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Number of deaths in cervical cancer controversy in Republic not known

Vicky Phelan
Seanín Graham

THE number of women who have died in the Republic after being caught up in a delayed cervical cancer diagnosis controversy remains unknown, according to health minister Simon Harris.

Mr Harris was responding to claims made by 43-year-old Vicky Phelan, one of more than 200 women incorrectly given the all-clear, that three women have died from the disease.

Mrs Phelan, a mother-of-two from Limerick who is now terminally ill, was last week awarded €2.5 million in a High Court settlement against a US laboratory.

In an interview with the Sunday Independent, Mrs Phelan claims that when she was told last year that she was one of 10 women whose test results were being examined in 2014, she asked had any of them died and was told there were three.

Mr Harris yesterday said he was unaware of the figure but hopes to have more clarity today.

He also said he hopes to know if all of the women affected or their families have been told.

Speaking on RTÉ's 'The Week in Politics' programme, he added that every woman who has had a smear test can have a re-check if they want it.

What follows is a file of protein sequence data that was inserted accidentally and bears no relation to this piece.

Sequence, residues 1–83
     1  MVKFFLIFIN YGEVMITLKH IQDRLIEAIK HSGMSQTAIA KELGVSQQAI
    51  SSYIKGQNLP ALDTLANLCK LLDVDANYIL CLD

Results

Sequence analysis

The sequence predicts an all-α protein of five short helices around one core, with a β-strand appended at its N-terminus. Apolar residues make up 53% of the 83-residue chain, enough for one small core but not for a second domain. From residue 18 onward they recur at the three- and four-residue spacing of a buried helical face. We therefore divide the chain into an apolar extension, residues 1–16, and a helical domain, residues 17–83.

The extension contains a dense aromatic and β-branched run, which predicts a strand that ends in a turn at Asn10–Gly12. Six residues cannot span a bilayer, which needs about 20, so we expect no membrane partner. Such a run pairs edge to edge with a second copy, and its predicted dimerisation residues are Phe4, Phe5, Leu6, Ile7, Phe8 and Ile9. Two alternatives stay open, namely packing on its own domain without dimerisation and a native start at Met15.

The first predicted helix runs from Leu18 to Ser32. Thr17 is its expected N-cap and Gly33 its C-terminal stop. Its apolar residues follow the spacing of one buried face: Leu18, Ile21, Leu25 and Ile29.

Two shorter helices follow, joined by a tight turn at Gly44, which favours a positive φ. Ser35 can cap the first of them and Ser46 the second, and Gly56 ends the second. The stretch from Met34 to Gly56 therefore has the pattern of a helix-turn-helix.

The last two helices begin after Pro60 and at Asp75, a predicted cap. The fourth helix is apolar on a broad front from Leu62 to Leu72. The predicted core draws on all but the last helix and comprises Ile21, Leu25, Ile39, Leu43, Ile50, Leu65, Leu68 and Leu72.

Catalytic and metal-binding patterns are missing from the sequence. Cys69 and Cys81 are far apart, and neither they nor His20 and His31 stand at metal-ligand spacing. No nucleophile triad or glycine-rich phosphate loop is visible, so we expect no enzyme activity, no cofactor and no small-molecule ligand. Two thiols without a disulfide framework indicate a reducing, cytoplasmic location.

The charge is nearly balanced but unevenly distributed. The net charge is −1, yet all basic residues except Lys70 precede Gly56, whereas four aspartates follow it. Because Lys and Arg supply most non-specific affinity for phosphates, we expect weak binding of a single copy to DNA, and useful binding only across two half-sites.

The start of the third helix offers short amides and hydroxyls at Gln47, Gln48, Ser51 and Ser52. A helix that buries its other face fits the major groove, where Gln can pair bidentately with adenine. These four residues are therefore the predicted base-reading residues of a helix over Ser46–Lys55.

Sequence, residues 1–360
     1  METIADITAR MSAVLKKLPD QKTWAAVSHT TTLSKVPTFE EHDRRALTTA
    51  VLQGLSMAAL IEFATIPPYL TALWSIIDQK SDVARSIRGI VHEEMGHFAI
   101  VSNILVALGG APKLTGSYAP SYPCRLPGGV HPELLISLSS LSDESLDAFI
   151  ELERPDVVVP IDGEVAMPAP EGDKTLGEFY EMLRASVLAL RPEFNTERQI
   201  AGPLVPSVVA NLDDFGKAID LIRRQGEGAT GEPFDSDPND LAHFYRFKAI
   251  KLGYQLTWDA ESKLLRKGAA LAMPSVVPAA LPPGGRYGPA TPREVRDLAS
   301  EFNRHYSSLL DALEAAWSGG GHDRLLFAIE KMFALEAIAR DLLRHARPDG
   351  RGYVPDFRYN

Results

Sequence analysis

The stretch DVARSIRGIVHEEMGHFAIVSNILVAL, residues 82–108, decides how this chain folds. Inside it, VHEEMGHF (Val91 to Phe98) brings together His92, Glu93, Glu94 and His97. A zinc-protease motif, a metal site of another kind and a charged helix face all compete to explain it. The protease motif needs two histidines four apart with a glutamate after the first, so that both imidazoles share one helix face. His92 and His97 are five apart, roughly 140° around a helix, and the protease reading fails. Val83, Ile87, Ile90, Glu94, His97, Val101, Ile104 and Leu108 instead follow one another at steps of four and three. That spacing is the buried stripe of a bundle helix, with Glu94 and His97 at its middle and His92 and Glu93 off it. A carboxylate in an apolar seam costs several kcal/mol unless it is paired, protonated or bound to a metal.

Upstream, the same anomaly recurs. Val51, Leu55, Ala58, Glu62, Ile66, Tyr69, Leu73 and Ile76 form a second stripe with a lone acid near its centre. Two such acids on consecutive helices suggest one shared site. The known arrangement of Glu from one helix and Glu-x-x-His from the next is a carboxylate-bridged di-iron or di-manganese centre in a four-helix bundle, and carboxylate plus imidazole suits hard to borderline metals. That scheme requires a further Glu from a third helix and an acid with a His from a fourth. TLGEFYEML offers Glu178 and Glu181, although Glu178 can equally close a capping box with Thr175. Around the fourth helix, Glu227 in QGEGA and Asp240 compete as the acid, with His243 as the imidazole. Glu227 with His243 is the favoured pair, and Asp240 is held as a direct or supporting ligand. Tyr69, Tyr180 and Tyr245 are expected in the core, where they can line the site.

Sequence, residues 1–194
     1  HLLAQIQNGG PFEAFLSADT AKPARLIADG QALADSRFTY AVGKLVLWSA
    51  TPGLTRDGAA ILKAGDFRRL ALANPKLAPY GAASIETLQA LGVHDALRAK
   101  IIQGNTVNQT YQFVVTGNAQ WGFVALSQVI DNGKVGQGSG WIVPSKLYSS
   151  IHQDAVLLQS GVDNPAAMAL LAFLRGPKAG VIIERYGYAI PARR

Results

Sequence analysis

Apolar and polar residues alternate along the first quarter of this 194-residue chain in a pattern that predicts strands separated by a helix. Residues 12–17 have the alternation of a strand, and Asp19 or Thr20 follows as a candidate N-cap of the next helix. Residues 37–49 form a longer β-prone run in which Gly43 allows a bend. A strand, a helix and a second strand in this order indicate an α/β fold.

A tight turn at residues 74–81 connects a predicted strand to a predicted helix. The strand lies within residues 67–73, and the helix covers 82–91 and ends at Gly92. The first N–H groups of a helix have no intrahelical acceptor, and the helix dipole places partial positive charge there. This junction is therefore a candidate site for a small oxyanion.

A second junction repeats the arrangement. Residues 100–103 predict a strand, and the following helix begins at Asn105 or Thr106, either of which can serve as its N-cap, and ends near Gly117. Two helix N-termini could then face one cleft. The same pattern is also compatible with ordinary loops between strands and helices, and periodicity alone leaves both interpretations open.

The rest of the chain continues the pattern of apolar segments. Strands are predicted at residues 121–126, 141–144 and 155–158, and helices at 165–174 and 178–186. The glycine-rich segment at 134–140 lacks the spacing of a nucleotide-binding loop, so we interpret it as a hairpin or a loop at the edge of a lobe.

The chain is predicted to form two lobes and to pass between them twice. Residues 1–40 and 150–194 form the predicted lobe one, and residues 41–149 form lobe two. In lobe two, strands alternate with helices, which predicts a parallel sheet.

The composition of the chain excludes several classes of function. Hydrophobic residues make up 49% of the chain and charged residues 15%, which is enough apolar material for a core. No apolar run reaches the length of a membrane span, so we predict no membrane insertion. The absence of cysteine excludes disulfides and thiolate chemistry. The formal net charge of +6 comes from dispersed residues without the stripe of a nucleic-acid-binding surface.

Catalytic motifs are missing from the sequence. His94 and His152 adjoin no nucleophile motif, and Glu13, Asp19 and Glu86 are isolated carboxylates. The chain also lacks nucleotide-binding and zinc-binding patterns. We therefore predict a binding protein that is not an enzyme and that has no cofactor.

Last week it emerged that a total of 206 women developed the disease after having a misdiagnosed smear in the country's free screening programme, Cervical Check.

The women were incorrectly told their tests were clear despite having abnormalities which required further medical interventions that may have prevented cancer.

The figures cover a 10-year period and include Mrs Phelan who did not learn about her incorrect 2011 smear test until six years later, despite a 2014 audit by Cervical Check showing that the test was wrong.

On Saturday evening, the clinical director of the Cervical Check screening programme, Dr Gráinne Flannelly, stood down "with immediate effect".

In a statement issued by the Health Service Executive, Dr Flannelly said she was "sorry that recent events caused distress and worry" to women.

"I have decided to step aside to allow the programme to continue it's important work," she said.

Meanwhile, Mr Harris also said he hoped that neither the health service nor the State would not defend any other cases there may be similar to the Vicky Phelan case.

He had put pressure on management of the cervical screening programme after he said they should reflect on their positions.

Around 13 hospitals are continuing to feed back information on the 206 women to a special team at the Irish National Cancer Screening Service.

The Minister for Foreign Affairs Simon Coveney said he hoped that patients are entitled to information more quickly in the wake of the crisis.

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